Were you at Sea-Tac Airport Jan. 18? You may have been exposed to measles
SEATTLE — Public health officials said Friday that a contagious air traveler with measles made a stop at Sea-Tac International Airport on Jan. 18, and people who were there at the same time should call a doctor if they develop symptoms.
Measles is a highly contagious and potentially severe disease caused by the measles virus. It is mainly spread through the air after a person with measles coughs or sneezes. Because most people in our area have immunity to the measles through vaccination, the risk to the general public is low, Public Health – Seattle & King County said.
But people who were at Sea-Tac Airport around the same time as the contagious traveler should be aware of their measles immunity status, and call a health care provider promptly if they develop an illness with fever or an unexplained rash illness before Feb. 9.
People at highest risk from exposure to measles include those who are unvaccinated, pregnant women, infants under six months of age and those with weakened immune systems, the health agency said.
The contagious traveler flew from Amsterdam to Portland, Ore., through a connecting flight in Seattle on Jan. 18. Persons who were in one of the following areas at Sea-Tac Airport between 11:30 a.m. and 6:30 p.m. on Jan. 18 were possibly exposed to measles:
- S Gate
- South Train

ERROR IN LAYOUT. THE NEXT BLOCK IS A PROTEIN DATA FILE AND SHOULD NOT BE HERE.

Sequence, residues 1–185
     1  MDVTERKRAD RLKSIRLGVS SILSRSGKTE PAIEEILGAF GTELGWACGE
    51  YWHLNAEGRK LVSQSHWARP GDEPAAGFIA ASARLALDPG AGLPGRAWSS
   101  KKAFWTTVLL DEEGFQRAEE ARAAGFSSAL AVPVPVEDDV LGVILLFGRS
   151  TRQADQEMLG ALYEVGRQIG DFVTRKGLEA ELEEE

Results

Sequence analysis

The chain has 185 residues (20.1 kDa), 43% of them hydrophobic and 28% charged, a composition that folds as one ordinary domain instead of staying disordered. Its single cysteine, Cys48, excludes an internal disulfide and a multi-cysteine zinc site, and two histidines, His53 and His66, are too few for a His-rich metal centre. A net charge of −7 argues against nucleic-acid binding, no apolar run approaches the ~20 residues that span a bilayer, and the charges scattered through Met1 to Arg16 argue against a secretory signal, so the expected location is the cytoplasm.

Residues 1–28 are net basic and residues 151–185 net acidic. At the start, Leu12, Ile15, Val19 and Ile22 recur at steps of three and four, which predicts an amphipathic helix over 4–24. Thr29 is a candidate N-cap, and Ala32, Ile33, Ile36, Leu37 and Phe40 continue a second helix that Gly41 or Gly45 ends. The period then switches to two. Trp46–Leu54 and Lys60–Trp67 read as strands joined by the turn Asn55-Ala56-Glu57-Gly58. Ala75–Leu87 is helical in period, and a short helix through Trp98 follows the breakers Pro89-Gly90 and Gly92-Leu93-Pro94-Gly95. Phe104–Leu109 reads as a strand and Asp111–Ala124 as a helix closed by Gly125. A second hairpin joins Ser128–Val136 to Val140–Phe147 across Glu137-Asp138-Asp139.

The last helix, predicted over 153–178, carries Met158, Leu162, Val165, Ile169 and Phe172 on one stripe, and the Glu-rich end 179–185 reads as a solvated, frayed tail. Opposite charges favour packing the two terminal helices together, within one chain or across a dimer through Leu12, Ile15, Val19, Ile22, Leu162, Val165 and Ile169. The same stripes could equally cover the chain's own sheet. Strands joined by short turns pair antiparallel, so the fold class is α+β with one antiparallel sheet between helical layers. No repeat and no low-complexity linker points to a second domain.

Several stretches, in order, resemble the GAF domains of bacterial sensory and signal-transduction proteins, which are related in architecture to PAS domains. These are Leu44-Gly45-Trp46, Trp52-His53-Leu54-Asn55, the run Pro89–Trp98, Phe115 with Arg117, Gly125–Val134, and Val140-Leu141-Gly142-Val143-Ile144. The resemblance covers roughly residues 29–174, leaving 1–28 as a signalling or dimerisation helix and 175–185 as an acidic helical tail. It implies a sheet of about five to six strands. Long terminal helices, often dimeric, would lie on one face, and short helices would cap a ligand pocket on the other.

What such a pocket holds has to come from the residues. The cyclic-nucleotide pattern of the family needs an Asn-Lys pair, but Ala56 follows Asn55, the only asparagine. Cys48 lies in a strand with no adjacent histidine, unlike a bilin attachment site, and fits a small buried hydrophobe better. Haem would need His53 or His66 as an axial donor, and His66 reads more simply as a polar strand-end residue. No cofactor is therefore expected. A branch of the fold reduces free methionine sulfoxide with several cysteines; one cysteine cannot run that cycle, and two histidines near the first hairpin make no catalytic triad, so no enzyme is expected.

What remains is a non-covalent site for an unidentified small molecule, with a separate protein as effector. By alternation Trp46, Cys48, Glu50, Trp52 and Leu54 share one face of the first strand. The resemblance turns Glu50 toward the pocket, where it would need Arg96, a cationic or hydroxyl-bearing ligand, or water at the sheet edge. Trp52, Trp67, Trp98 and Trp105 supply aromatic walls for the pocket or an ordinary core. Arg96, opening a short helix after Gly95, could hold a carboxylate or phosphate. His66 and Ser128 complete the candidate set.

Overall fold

- Main Terminal South Station
- Train between South and North Station
- Main Terminal North Station
- North Train
- N Gate
(Map of Sea-Tac Airport at www.portseattle.org/Sea-Tac/Maps-and-Directions/Pages/Terminal-Overview.aspx)
After arriving in Oregon, the traveler received medical attention and was diagnosed on Jan. 23, and determined to be infectious beginning on Jan. 18. Health authorities in Oregon, Washington and at the federal Centers of Disease Control and Prevention (CDC) were notified. The CDC is following up to notify those on the same flights as the contagious traveler.
Measles, also known as rubeola, is a highly contagious and usually severe illness that causes fever, rash, cough, and red, watery eyes. The rash begins on the face and spreads to the rest of the body. Fever (often greater than 101° F), cough and other symptoms begin two to four days before the rash appears.
Measles symptoms begin seven to 21 days after the exposure to measles occurred.
All international travelers are routinely recommended to have two doses of measles vaccine before travel. For more information on who needs measles vaccine, see www.cdc.gov/vaccines/vpd-vac/measles/vacc-in-short.htm. For more information about measles, a fact sheet is available in multiple languages at: www.kingcounty.gov/healthservices/health/communicable/diseases/measles.aspx
For help finding low cost health services, call the Family Health Hotline at 1-800-322-2588.